SANS Digital Forensics and Incident Response Blog: Category - Evidence Analysis

Perl-Fu: Regexp log file processing

Remember that with Perl the key benefit is the ability to easily implement almost any kind of input/output processing system one might need or conceive, without the need for a lot of code or time in development. When you are faced with massive amounts of data and a small amount of analytical time, this agility is critical. I will not be teaching regular expression syntax but there are countless primers and resources on the web for this, and they almost universally apply to languages/interpreters other than Perl, including our favorite command line tool, grep. Consider the following code:

#!/usr/bin/perl
# UserSplit.pl
# Creates user-specific files from a single log file based on the field "User="
$logfile = $ARGV[0];
open(LOG, "

Using mind maps in forensics

by Jeff Bryner

I've been playing with mind mapping software lately, mostly using the wonderfully open source freemind.I'm definitely not the first one to consider using this for forensic analysis, but hopefully I can help spread the meme and help us all organize our thoughts.

Just for fun, here's a sample starting point for a fake embezzlement case if you've not seen a mind map before:
basic mind map

I've posted it here in case it's easier to start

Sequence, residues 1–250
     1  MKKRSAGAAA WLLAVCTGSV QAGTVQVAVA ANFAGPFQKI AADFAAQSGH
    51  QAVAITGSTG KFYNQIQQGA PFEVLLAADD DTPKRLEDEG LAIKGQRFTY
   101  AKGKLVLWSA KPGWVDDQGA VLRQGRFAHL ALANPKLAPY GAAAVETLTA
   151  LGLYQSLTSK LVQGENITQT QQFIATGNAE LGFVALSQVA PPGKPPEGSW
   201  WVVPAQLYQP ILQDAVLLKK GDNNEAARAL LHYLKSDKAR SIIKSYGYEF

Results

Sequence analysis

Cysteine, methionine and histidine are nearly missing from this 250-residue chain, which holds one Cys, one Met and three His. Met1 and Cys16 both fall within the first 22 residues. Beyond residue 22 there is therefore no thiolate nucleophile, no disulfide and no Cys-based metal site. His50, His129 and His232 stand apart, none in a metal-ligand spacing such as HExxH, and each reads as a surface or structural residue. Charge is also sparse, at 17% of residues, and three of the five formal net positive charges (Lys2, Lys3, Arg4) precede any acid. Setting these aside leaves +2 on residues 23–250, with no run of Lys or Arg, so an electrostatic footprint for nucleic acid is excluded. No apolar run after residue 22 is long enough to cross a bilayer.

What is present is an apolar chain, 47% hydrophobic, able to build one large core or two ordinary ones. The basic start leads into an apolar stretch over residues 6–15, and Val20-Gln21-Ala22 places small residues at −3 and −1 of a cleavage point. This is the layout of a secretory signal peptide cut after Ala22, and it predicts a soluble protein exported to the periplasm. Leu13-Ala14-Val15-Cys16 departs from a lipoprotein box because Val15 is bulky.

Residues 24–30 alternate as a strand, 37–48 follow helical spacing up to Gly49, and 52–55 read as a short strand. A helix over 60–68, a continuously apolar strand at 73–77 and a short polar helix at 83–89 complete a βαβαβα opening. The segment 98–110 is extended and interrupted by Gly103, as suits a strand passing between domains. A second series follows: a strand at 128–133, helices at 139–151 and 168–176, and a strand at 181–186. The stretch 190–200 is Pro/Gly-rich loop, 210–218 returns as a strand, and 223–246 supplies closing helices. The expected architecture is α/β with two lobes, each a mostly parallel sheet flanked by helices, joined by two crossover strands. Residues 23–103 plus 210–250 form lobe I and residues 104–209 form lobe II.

...


Strings, Strings, Are Wonderful Things

One of the basics of doing forensics involves gathering the ASCII and Unicode strings in the file system and searching for keywords. Using Linux we can gather the strings for both ASCII and Unicode using the strings command.

To Gather the ASCII Strings

# strings -td /dev/sdb > sdb.ascii

Note: The -td in the above line tells strings to print the offset in decimal for the line.

To Gather the Unicode Strings

# strings -td -el /dev/sdb > sdb.unicode

Note: The -el option will have the strings command handle 16-bit little endian encoding. Strings can handle other types of encoding such as 32-bit big/little endian. See the man page on strings and the -e option.

Below is a sample output from the command:

192301896     
192301972 This field is deprecated. Deprecated components of Microsoft

... Continue reading Strings, Strings, Are Wonderful Things


Forensics and Perl-Fu: Reducing Data and Cleaning Up Log Files

By: Mike Worman

Perl's simplicity and its raw power may seem paradoxical but this is simply a clever ruse. There is a lot going on behind the scenes when using Perl, which has often been described as the scripting language that attempts to figure out exactly what the developer wants in as little code as possible''and it usually succeeds. Even when it doesn't, another possible approach is usually immediately apparent. Never forget the Perl motto: TIMTOWTDI!


Data recovery with Hex Editor and RegEx

by Quinn Shamblin

In my previous postabout recovering mp3 data from a corrupted chip, I describe a data recovery challenge that I could not solve using FTK, Foremost or Lazarus. It turned out that Regular Expressionswere my answer. But how best to run regex-based data extractionagainst a forensic image when there might be hundreds of thousands, if not millions, of individual matching frames?

Hex Editor Neowas exactly what I needed. It has a few unique features that really

...